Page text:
The SOLID Principles
The SOLID principles are five software design principles that you can use to evaluate the quality of your software design. Each character in the name SOLID stands for a single design principle. The SOLID principles are:
- S - Single responsibility principle
- O - Open closed principle
- L - Liskov substitution principle
- I - Interface segregation principle
- D - Dependency inversion principle
I will explore each of this principles in more detail in the following sections.
Single Responsibility Principle
The single responsibility principle means that each unit in your code should only have a single responsibility. By unit I mean each class. However, you could probably extend that principle to methods too.
Having only a single responsibility for a class makes it easier to implement, as there is less functionality to keep in your head as you design and write the implementation. Typically, a class with a single responsibility will also be easier to read and understand, and often also easier to test. Additionally, having a class be focused on a single responsibility will often also make it easier to reuse.
One issue I have with the word "single" in the single responsibility principle is - that it can be hard to define what a "single responsibility" means. Often, a larger single responsibility can be subdivided into narrower individual responsibilities - sometimes even recursively. Just think about it: The fact that the responsibility of a class can be subdivided into multiple methods is already a sign that responsibility often can be narrowed multiple times - before being too small to make sense to subdivide further. That is why I use the term "narrow responsibility" in my own design philosohpy - rather than "single responsibility".
Open - Closed Principle
The open - closed principle means that a class should be open for extension - but closed for modification.
By "open for extension" is meant that you should be able to "extend" the functionality of the class without modifying it. This can typically be done in two ways: Via subclassing the class, or via plugging in a dependency the class can use. A pluggable dependency can be replaced later.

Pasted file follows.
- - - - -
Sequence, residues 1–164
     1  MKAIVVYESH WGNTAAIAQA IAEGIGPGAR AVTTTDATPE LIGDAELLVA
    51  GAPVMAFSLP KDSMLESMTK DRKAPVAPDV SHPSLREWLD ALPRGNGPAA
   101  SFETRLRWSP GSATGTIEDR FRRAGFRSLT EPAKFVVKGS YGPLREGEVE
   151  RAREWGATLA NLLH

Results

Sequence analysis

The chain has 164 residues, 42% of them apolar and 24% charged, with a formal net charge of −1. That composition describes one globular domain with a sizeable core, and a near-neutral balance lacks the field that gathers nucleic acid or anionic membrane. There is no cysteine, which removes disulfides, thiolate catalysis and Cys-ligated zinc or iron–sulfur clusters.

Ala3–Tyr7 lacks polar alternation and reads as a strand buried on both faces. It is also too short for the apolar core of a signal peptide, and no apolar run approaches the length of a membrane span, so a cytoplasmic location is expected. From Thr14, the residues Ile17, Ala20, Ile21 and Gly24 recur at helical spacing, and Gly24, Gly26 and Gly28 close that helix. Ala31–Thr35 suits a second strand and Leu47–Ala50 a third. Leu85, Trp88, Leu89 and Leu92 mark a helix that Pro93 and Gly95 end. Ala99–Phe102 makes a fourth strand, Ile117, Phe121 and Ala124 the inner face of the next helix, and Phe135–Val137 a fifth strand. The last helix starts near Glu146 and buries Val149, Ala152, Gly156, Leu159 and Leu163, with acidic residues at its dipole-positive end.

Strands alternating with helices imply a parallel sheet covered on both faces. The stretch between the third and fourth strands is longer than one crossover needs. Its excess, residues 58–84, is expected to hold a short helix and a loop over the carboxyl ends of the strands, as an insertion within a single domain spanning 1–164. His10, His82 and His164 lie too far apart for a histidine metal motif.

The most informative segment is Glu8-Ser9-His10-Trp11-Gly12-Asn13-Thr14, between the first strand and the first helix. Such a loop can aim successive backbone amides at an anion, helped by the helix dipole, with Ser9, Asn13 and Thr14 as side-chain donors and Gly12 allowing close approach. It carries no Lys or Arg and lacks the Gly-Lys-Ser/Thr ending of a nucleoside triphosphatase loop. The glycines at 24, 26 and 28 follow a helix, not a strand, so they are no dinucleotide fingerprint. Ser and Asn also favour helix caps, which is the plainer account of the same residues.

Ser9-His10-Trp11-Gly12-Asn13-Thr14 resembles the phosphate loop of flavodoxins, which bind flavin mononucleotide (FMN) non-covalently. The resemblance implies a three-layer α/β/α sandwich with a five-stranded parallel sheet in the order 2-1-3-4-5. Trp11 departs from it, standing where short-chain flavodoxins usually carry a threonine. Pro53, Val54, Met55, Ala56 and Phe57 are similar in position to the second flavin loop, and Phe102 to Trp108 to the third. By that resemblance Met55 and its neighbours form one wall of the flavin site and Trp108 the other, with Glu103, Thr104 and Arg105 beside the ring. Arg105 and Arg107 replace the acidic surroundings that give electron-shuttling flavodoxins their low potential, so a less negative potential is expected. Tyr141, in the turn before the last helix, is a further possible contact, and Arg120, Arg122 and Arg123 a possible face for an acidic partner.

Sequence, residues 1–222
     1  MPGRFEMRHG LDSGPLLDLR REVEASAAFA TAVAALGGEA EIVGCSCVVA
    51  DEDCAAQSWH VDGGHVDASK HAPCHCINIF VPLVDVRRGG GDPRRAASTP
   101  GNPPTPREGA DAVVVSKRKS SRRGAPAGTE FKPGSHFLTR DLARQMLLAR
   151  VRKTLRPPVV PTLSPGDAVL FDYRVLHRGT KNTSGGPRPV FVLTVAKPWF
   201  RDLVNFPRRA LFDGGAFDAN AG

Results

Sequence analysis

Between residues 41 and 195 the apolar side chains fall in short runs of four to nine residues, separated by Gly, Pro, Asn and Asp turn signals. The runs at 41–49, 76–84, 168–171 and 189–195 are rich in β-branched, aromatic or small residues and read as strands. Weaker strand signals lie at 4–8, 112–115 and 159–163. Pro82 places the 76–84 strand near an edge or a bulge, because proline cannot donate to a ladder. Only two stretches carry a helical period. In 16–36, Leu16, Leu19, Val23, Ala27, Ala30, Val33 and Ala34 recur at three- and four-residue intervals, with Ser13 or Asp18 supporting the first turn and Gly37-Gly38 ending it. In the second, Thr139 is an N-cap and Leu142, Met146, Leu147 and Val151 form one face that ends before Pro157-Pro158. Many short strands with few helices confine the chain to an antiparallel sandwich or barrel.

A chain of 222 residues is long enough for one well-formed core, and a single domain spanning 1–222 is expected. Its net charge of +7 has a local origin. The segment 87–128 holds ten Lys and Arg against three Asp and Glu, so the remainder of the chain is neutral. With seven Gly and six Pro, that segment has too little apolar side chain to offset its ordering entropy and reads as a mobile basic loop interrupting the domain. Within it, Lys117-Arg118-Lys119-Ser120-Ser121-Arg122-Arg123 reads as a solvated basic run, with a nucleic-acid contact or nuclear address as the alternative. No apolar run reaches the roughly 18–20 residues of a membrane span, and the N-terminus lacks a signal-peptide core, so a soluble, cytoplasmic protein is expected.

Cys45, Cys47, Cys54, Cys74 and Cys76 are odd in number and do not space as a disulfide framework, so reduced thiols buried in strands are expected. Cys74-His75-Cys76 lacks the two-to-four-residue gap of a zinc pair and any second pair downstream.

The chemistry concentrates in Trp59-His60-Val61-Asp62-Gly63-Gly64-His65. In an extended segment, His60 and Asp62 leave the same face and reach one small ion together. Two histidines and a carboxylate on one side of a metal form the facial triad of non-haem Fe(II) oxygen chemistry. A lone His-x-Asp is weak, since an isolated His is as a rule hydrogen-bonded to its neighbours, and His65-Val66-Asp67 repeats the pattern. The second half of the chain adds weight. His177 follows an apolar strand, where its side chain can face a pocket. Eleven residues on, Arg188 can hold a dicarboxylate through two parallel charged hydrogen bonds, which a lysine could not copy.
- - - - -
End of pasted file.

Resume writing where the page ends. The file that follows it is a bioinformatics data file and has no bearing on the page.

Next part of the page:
Bertrand Meyer is credited for having come up with the open closed principle originally.
Liskov's Substitution Principle
Liskov's substitution principle means, that if you have a superclass A and a subclass B, then you should be able to use B everywhere an instance of A is required. In other words, if B is a subclass of A, then B should be substitutable for A - meaning an instance of B should be usable instead of an instance of A. The code using A should not have to care if it gets an instance of A or a subclass of A.
Liskov's substitution principle is named after Barbara Liskov who first expressed it.
The interface segregation principle means that a class should not depend on interfaces it does not need.
Interface segregation sometimes means that a big interface should be split into multiple smaller interfaces, when it makes sense. Thus, a class that needs only part of the methods of the big interface can now depend on the smaller interface that contains that part of the methods.
The dependency inversion principle means, that if a class A depends on another class C, then an interface (or abstract class) B should be inserted between them. Thus, A now depends on the interface B - which the class C then implements.
The reason it is called the dependency "inversion" principle may not be entirely clear. The reason is, that before A depended on C, and C did not depend on anything - but after, both A and C depends on B - which in a diagram looks like the dependency has been inverted. I personally find the name a bit odd, though.